The London attacks showed that even senior intelligence officials are prone to generalities. The London bombers presumably all spoke perfect English, perhaps even didn't know a word of Arabic; nor did they have to cross any borders to get from Leeds to London.
One of the most remarkable post-Madrid events took place in London as early as 8 July 2004, however. "The Guardian" reported that Islamic cleric and professor Yusuf al-Qaradawi -- who is banned from entering the United States because of his views, including his defense of "the right of Palestinians to use such tactics" as suicide bombings -- was invited to participate in a conference of "Muslims in Europe."
"The influential Egyptian-born theologian was speaking at the opening of a conferenc...at the Greater London authority's Thames-side building, where he shared a platform with the London mayor, Ken Livingstone," according to "The Guardian."
The conference was co-sponsored by the London Metropolitan Police....And Its Response To London
After the London blasts, European leaders issued warnings similar to those they had made after the Madrid attack.
"The terrorists have a different mentality," French President Jacques Chirac said in an interview with television channels on 14 July, Bastille Day, according to AP on 17 July. "There's not a single country in the world that's safe from terrorism, including France."
France, according to the Terrorism Knowledge Base, experienced 71 terrorist incidents in 2004.
"We have done everything we can to fight against terrorism," Chirac was quoted as saying.
French Prime Minister Dominique de Villepin placed France on its highest level of alert on 7 July. Italy did the same as it rounded up hundreds of suspected terrorists.
Nicolas Sarkozy, France's interior minister, declared that France would tighten border controls, according to the "Financial Times" on 14 July: "If we do not reinforce border controls when around 50 people die in London, I do not know when I would do it."
Police patrols were increased on the Berlin, Frankfurt, and Munich metro lines.
Reuters reported that Dutch Minister Jan Peter Balkenende meanwhile warned of a Europe-wide terrorist threat, and his country stepped up border checks and heightened security for British buildings in the country.New Measures?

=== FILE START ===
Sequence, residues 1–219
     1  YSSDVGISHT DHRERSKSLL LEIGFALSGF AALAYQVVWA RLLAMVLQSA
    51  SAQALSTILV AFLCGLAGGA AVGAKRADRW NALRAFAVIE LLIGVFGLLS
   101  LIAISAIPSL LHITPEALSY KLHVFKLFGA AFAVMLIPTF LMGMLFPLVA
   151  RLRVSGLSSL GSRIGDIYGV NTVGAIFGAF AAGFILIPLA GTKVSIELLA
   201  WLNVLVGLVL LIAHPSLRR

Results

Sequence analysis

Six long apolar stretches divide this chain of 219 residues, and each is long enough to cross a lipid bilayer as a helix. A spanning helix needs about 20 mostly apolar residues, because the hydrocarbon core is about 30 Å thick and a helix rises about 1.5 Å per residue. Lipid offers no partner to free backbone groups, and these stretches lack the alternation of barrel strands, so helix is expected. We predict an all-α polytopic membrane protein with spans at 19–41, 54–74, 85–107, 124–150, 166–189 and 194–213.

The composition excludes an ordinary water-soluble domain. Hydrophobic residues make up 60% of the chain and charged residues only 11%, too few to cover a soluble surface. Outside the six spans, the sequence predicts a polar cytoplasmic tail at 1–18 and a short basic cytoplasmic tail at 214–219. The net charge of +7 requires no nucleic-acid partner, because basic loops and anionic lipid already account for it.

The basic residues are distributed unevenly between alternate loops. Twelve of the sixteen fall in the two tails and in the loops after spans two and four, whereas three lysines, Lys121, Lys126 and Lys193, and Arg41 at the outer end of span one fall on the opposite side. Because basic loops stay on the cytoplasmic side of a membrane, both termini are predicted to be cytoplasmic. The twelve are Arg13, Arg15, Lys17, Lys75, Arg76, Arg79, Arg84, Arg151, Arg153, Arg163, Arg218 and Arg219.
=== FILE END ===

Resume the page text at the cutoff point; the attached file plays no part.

The United Kingdom, which currently holds the EU Presidency, sought to hasten the implementation of measures already agreed upon, including the controversial step of retaining for at least 12 months all e-mail and phone data.
According to the "Independent" of 14 July, this would include details of the time, date, and duration of all phone and Internet messages, the calling and called numbers, and the location of mobile calls at the start and the end of a connection.
Additionally, "by December all 25 EU ministers promised to finalize rules on a European evidence warrant and on the exchange of information between law enforcement authorities," the "Independent" reported.
This issue has been debated since 11 September 2001.
The EU ministers also pledged to examine the causes of radicalization of young Muslims in their countries. The European Commission apparently had identified a "crisis of identity" among young Muslims born to immigrant parents in a report that was leaked to the Belgian newspaper "De Standaard."
The report, according to the "Independent," describes radicalization as "a modern kind of dictatorship" and "likens it to neo-Nazism or nationalism, and says the Internet, university campuses and places of worship are tools of recruitment."
Putting aside the roots of terrorism in Europe -- which arguably needs to be addressed in a serious manner -- the immediate question is that of safety.
Regrettably, of course, the greatest call for action comes after the fact. This has been demonstrated by 9/11, the Madrid bombings, and the London attacks of early July. All of those acts galvanized the counterterrorism units within the EU to shift into high gear, and they generated similar statements of intent and resolve from European political leaders.
But it is legitimate to ask how long a high state of vigilance can be maintained. U.S. law-enforcement officials have noted the danger of "alert fatigue." And long periods of silence can produce a false sense of security, leading to complacency. Too often, the cycle begins again when a new atrocity is committed.See also:"U.K.: New London Explosions Follow Deadly Attacks By Two Weeks""Pakistani Authorities Question Suspects In London Probe""Blair Seeks Alliance With Muslims Against Extremism""Analysis: Can Subways Be Protected?"